2nd Asian Art Biennial
Taiwan Museum of Fine Arts, Taichung
by James Pinker and Tim
. TSAI Chao-yi
channel interactive video installation
with the grateful assistance of Creative New Zealand
in October and runs thru till late Feb 2010.
Physical and psychological immersions have always been a strong character
within my practice.
We live our lives surrounded by exteroceptive input of every nature.
To navigate this sensorium we narrow down our attention. Consciously
but more often unconsciously we position ourselves deftly within the
narrowest slipstream of information, rarely stopping to think how
our physical and cultural positions in the world imbue the very reality
we construct as our day to day existence. This sets up a feedback
loop between what we perceive and how we are able to perceive it.
My interests lie not in the singular focus but in the mediated experience.
One defined by me the artist, but which sets out to set up an experiential
dialogue between the work and it’s audience.
We are massively screen cultured at this time in history. But most
screen culture has been produced within a singularly narrow focus
that denies the very nature of how humans perceive our world. Placing
an audience into a screen space that fully occupies one’s peripheral
vision along with primary vision, creates a far more powerful relationship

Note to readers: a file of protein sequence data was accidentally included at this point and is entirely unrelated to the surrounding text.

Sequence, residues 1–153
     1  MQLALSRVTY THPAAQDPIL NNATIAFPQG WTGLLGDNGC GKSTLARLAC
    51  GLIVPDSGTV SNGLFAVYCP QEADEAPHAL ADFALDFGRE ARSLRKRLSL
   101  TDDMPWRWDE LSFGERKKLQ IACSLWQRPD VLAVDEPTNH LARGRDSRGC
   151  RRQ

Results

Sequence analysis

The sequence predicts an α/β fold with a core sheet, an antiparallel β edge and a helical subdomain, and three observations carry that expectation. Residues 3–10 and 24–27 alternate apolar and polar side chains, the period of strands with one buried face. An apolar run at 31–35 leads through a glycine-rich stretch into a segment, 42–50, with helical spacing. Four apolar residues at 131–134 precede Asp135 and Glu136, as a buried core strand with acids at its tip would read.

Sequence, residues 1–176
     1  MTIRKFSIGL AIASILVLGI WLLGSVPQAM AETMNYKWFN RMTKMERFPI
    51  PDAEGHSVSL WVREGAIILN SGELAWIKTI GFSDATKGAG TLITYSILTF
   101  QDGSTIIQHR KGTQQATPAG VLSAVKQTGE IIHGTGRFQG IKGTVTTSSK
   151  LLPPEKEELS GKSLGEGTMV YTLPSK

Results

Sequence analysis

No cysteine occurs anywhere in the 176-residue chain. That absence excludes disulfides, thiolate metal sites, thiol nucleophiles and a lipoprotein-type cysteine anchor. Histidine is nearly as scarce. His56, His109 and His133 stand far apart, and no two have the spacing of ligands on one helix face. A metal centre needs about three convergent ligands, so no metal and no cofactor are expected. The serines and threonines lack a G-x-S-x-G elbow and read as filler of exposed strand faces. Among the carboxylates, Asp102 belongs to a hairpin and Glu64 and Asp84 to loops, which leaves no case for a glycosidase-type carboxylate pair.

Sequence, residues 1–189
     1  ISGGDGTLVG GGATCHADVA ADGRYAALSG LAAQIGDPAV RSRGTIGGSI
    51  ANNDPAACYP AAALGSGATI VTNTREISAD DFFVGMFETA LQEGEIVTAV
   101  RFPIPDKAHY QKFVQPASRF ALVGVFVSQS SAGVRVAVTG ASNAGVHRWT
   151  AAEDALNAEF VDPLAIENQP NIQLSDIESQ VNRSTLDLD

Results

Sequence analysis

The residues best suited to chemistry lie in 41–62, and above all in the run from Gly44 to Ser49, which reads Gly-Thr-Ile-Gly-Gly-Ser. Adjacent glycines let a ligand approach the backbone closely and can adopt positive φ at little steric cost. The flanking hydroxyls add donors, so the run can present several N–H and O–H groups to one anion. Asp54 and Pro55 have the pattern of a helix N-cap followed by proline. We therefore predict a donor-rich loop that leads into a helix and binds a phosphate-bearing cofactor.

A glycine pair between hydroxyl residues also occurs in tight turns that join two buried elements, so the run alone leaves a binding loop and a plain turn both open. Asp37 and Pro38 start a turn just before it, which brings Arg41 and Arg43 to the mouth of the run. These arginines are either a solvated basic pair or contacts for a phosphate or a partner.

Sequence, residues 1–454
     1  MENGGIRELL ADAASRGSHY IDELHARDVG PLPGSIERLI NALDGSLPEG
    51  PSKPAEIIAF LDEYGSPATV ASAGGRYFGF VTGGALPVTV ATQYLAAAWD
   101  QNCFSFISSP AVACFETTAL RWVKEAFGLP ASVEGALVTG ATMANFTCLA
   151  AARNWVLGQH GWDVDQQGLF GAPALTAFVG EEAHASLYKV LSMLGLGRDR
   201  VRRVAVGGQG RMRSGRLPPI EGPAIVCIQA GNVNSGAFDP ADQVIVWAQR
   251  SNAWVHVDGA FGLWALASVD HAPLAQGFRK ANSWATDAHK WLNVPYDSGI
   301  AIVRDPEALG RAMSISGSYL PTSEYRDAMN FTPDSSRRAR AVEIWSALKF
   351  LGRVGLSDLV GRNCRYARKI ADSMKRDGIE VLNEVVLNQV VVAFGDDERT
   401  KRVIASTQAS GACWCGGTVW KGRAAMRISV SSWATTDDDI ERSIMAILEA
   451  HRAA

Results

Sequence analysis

between the content and the viewer, than what previously existed betwixt
My second ongoing interest is synaesthesia. Placing an audience in
an immersive interactive environment creates a heightened possibility
for slippage across the senses. A phenomenon that is happening to
us constantly but which we try to avoid in our rationalist explanations
of how our reality works.
Clesthyra’s Undoing is a fully immersive, interactive installation
of sound and vision.
Clesthyra is a fictional mythological character from Neil Stephenson’s
Anathem, who can see in all directions at once. This works breaks
down and subverts that possibility. It subtly draws the audience’s
attention within the 360º screen space, playing with the shifting
boundaries between disambiguity and ambiguity. The work moves its
At the same time it monitors the audience within the space and how
they move proximate to the screen, deriving complex control information,
which in turn is fed back to control the screen and sound spatial
behaviours and content juxtapositions.
The sound design is intended to work in two ways, firstly in bringing
and reinforcing a sense of meaning and enhanced emotional resonance
to the different phases of the content; and secondly as a strong spatial
indicator of the two-way relationship between viewer and screen.
The content traverses three domains from which I seek to explore how
we bring meaning to what we see. Nature and landscape can portray
our idealised view our home earth. The urban environment is now the
context and reality of life for most people on the planet. Cultural
space is possibly what we experience most differently throughout the
world. What we see, the value we give it, and what meaning we derive
from it, vary dramatically, being entirely dependent on our point